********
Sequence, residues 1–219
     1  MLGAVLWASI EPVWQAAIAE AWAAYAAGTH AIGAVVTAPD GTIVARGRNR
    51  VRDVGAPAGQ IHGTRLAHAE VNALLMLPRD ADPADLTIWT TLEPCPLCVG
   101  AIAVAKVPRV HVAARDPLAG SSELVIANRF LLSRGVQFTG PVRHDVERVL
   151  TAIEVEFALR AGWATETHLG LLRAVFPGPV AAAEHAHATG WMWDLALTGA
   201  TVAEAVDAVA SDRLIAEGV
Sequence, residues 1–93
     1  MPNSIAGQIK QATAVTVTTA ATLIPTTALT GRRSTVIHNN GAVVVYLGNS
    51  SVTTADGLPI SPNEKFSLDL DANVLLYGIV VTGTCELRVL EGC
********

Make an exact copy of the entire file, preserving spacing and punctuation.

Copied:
Sequence, residues 1–219
     1  MLGAVLWASI EPVWQAAIAE AWAAYAAGTH AIGAVVTAPD GTIVARGRNR
    51  VRDVGAPAGQ IHGTRLAHAE VNALLMLPRD ADPADLTIWT TLEPCPLCVG
   101  AIAVAKVPRV HVAARDPLAG SSELVIANRF LLSRGVQFTG PVRHDVERVL
   151  TAIEVEFALR AGWATETHLG LLRAVFPGPV AAAEHAHATG WMWDLALTGA
   201  TVAEAVDAVA SDRLIAEGV
Sequence, residues 1–93
     1  MPNSIAGQIK QATAVTVTTA ATLIPTTALT GRRSTVIHNN GAVVVYLGNS
    51  SVTTADGLPI SPNEKFSLDL DANVLLYGIV VTGTCELRVL EGC